Monday, September 26, 2016

Abstract Data Types

I was reading "Contracts, Scenarios and Prototypes" and learned that Abstract Data Types were first presented by Barbara Liskov and Stephen Zilles in their paper "Programming with abstract data types" (requires access to the ACM Digital Library). The main contribution made by this paper is that it identifies an abstract data type as class of object completely characterized by the operations it can perform.

Liskov and Zilles' paper was written in 1974. It lists thirteen references that provide insight on how abstract data types were arrived at. It's an interesting list of references including work from Dijkstra, Neumann, Parnas and Wirth.

What is compelling about the introduction of "Contracts, Scenarios and Prototypes" is the depth of the references provided on the development of contracts. In addition to abstract data types, this introduction includes a look at Hoare's "An Axiomatic Basis for Computer Programming" which introduces pre- and post-conditions via Hoare Triples and Parnas' "A Technique for Software Module Specifications with Examples" for description of good specifications and strongly typed languages.

Saturday, September 3, 2016

Object-Oriented Programming: A Disaster Story

Read Object-Oriented Programming: A Disaster Story, not so much for what it said but for what ended up on Reddit. If you are looking for perspectives on object-oriented programming, the comments are a good read.

One commenter, discussed Closures and Objects are Equivalent, another brought in Alan Kay on Object-Oriented Programming. Both reasonable responses.

In my opinion, the best comment:
The value of objects is in treating systems behaviourally. Inheritance and even immutability are orthogonal. An object is a first-class, dynamically dispatched behaviour.   (/u/discretevent)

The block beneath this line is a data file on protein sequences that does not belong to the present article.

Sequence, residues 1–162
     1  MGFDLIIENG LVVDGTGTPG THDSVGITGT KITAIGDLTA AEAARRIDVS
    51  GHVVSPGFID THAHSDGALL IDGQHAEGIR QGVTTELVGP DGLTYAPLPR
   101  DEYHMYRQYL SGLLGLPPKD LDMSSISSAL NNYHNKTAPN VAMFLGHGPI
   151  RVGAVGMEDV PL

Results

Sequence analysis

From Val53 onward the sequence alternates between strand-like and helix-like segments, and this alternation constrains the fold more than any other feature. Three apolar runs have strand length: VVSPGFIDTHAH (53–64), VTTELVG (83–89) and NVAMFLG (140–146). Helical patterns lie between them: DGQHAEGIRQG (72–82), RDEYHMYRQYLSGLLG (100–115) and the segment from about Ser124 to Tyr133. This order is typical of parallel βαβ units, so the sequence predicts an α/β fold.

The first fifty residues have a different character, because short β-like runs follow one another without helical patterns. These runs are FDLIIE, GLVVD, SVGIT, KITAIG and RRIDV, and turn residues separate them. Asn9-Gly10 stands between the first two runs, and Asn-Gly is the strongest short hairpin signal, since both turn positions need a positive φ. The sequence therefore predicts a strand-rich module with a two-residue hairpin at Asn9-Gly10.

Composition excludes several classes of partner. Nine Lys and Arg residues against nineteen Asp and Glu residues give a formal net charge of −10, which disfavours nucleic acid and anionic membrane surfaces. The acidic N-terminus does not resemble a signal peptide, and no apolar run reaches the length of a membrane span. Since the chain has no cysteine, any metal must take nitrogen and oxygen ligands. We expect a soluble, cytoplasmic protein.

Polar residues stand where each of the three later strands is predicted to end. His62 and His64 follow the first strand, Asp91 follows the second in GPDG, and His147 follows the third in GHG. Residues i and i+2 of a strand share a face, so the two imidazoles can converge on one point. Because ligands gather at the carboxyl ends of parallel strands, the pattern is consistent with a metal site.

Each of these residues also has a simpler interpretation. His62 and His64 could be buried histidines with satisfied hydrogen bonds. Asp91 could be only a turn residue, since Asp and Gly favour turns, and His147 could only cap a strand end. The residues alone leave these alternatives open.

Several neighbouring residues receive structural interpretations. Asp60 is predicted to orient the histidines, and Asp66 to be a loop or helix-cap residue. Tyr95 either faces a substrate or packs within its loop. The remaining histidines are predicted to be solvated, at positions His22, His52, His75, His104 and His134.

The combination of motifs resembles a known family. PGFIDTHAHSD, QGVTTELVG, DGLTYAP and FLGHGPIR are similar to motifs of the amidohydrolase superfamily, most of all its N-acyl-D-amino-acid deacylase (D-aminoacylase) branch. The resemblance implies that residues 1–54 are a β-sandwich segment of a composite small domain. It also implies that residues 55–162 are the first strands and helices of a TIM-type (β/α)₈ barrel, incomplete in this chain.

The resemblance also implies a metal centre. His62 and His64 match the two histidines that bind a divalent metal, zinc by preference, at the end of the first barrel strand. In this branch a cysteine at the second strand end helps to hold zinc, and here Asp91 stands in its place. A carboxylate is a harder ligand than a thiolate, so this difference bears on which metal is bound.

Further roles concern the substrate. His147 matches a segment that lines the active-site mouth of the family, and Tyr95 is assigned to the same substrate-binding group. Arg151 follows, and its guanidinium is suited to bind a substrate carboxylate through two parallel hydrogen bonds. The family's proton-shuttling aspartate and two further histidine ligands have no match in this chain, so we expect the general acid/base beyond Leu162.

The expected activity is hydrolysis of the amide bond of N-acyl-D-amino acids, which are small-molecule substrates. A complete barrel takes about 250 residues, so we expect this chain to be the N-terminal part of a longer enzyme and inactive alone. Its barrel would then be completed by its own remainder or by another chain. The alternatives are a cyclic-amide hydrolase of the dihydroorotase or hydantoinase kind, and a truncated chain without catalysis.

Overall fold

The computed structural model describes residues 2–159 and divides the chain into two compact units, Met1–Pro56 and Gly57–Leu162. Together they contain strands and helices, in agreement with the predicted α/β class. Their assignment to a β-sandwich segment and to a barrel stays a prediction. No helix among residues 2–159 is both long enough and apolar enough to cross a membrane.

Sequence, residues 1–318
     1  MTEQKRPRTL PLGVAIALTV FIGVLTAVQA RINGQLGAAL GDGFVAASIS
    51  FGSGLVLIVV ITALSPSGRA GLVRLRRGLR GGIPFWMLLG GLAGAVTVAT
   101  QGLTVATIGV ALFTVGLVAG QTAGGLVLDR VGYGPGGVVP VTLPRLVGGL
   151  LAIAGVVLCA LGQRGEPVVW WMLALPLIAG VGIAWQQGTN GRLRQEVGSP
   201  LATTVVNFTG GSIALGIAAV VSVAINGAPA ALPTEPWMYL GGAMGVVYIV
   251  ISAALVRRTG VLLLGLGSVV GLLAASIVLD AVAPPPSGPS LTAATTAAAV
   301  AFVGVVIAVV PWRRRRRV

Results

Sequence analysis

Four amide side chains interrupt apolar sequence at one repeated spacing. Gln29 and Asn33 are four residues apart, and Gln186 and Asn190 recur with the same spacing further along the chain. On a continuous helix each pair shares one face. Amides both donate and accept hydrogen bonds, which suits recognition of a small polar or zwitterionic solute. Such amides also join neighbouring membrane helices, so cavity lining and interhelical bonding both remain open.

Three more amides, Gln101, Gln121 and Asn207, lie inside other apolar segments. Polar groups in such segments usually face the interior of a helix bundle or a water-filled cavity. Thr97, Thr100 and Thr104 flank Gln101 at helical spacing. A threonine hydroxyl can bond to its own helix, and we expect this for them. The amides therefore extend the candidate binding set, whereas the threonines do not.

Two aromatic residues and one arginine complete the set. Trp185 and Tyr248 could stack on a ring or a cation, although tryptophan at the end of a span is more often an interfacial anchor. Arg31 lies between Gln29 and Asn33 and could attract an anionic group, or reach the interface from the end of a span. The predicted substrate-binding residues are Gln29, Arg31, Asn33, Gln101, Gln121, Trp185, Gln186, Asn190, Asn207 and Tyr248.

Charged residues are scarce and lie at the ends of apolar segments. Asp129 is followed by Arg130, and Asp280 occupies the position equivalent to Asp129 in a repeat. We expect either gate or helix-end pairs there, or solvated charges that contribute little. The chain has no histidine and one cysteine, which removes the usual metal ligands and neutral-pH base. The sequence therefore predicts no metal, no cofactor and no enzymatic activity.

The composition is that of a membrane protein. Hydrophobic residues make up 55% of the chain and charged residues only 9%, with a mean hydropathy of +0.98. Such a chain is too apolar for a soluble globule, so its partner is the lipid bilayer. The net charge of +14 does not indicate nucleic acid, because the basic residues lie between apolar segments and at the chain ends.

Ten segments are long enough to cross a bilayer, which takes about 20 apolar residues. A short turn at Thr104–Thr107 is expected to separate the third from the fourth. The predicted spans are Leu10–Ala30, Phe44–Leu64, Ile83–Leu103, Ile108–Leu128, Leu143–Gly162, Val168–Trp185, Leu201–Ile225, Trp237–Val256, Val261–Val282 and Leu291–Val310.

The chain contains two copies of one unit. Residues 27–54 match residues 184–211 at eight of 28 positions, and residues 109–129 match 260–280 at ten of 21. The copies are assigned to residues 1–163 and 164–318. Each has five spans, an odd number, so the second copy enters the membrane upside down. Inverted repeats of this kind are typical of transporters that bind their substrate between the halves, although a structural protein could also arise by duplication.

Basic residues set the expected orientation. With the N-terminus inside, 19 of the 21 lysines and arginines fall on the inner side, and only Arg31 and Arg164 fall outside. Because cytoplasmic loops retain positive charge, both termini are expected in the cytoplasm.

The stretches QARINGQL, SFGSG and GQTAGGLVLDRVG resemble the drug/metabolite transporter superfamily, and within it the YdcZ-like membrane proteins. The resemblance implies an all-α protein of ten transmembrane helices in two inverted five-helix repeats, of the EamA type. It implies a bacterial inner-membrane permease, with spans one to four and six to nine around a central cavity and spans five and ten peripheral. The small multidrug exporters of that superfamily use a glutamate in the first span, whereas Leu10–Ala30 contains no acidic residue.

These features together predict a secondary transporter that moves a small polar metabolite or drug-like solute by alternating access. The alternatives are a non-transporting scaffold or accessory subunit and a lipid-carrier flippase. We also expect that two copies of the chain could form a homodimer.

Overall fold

The lesson, is know your tools, use them appropriately and recognize their limitations. Orthogonality is a good way to organize your thinking on this.

In Object-Oriented Programming: A Disaster Story,  I do agree that shallow object hierarchies are better than deep but I'm not sure if the argument presented there is in response to programs that derive all classes from the same object or and argument against deep class hierarchies.

With respect to
Among OOP practitioners, there are competing schools of thought on the degree to which a program’s behaviors should be expressed as class methods rather than free-floating functions.
Isn't the correct answer to apply what is appropriate to the context?

I've made arguments wherein a free-floating function is the best tool for ensuring consistency between different classes whose behaviour is related only due to business rules and logic. For example. do you want a manager class in an automobile that ensures the lights are on and the doors are locked while driving? You can construct arguments for both approach.

The right approach is the one that leads to the simplest implementation. In this case, I agree with the author and avoid "nonsense Doer" classes.

There is a great set of comments in the Reddit thread relating to context and object decomposition.